Covid-19 Insights: Aerospace Defense Manufacturing (Part 2)

View initial Insight into this topic (published May 19, 2020)
  • Supply chain risks remain one of the industry’s biggest challenges. In a few instances, we’ve had key suppliers shut down due to confirmed COVID-19 cases. We’re currently working through a risk assessment of our critical suppliers and developing contingency plans in an attempt to better prepare as we move into the back half of the year.
  • Noteworthy Developments: We have been able to continue operating in large part because of our early adoption of safety protocols, including but not limited to our approach to quarantining certain employees. For example, if an employee travels to a hotspot for personal reasons, they are restricted from returning to work for a period of time (usually 14 days) to ensure they haven’t contracted COVID-19, and to limit the risk of spread to other teammates. Measures like this appear to be working, as we have had no confirmed COVID-19 cases to date.
  • Additionally, we set up a Pandemic Response Team to evaluate ways to keep our workforce safe. One new policy we recently implemented is requiring the use of face coverings in our facilities for all common areas, walkways, and conference rooms.
  • Important Variables: As stay-at-home orders are relaxed and businesses are reopened, there is a potential for additional spread of the virus. We have facilities in Arkansas and Texas, two states that have reported an increase in positive cases since Memorial Day. This is more of a concern than a challenge, but it underscores the importance of continued safety protocols even as communities reopen.
  • On a positive note, we’re seeing more consistent guidance from the governing organizations from the different geographies that we operate in. Additional time has been provided for an iterative process of learning, benchmarking and short-term forecasting. This has translated into more stable operations and increased predictability in our supply chains.
  • Emerging Players or Themes: The Department of Defense continues to use multiple levers to help small and medium sized aviation suppliers in these times. A few efforts that are making a difference include: Accelerating upfront progress payments to prime contractors; Raising the amount large contractors can receive before delivering a contracted item from 80 to 90 percent and from 90 to 95 percent for small contractors; and Accelerating contract awards in certain situations.
  • Despite these efforts, there is still a growing concern that we could see up to 20% of smaller suppliers exit the Aerospace and Defense market, mainly due to liquidity concerns. That is a sizeable knowledge base that could be lost within 18 months and it could take years to build that knowledge base up again. There was a great article on this topic last month in Aerospace Daily & Defense Report.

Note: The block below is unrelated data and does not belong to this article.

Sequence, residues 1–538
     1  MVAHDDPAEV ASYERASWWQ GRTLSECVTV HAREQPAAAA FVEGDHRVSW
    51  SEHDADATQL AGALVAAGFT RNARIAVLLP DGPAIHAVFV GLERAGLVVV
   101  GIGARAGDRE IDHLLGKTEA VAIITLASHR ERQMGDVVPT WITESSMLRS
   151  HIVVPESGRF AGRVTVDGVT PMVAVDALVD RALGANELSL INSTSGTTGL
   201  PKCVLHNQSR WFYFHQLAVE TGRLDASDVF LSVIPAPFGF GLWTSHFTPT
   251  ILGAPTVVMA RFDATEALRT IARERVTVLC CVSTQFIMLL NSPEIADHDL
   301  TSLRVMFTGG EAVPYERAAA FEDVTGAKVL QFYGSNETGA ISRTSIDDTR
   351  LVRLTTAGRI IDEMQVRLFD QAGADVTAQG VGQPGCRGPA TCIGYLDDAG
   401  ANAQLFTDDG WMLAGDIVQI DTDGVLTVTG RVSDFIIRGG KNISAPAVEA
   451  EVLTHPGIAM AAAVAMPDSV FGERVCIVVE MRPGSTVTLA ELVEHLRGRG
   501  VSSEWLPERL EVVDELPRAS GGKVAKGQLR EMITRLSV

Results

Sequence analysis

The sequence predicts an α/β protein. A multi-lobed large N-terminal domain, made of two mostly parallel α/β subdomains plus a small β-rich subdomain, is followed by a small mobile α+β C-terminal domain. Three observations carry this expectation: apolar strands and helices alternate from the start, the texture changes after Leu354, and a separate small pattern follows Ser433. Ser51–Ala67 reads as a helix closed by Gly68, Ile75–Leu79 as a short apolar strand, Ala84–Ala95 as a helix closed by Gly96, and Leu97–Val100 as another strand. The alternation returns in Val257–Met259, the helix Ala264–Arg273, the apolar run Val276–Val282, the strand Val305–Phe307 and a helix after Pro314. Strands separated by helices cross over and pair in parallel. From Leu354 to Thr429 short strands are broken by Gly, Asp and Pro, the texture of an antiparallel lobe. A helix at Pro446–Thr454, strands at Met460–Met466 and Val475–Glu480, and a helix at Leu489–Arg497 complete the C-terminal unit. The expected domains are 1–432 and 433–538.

• On the Horizon: We continue to watch for accelerated contract awards, changes to contract terms that could be beneficial, and any other overall changes/programs that could benefit our organization or our supply base at the local, state or federal levels. The state of Arkansas recently established the “Ready for Business Grant” under the CARES Act, which we received through our facility in the state, and which has assisted with the cost of additional PPE such as masks, hand sanitizer, third party disinfecting services, air filtration systems, thermometers, etc.
  • Useful Sources: We continue to find the websites for the Centers for Disease Control and Prevention and the Johns Hopkins Coronavirus Resource Center extremely helpful for almost all things related to the pandemic. Industry-Centric Information is available through Space News, Aerospace Daily & Defense Report, Defense News, The Weekly of Business Aviation, GovCon Wire and ExecutiveBiz have all been extremely helpful for industry-specific news, trends and updates. Customer and supply baseshave also been very helpful by providing us with their perspectives and insight during the pandemic. Specifically, we have taken a proactive approach to potential supply chain interruptions, plant closings, and downstream market influences that could impact our ability to meet demands or schedules.
  • Personal Note: I have always been a fan of consistent communication with as many employees as possible and have traditionally held face-to-face all hands meetings. Since this is no longer prudent, we have had to develop new internal communications methods in the first quarter, which included my first ever virtual all hands session. Most of the feedback I received was about me keeping my day job, but in the end it provided a new way to communicate what is important to us as an organization, and to thank the work force for their efforts and dedication. We plan to continue using this new tool as we continue to adapt.

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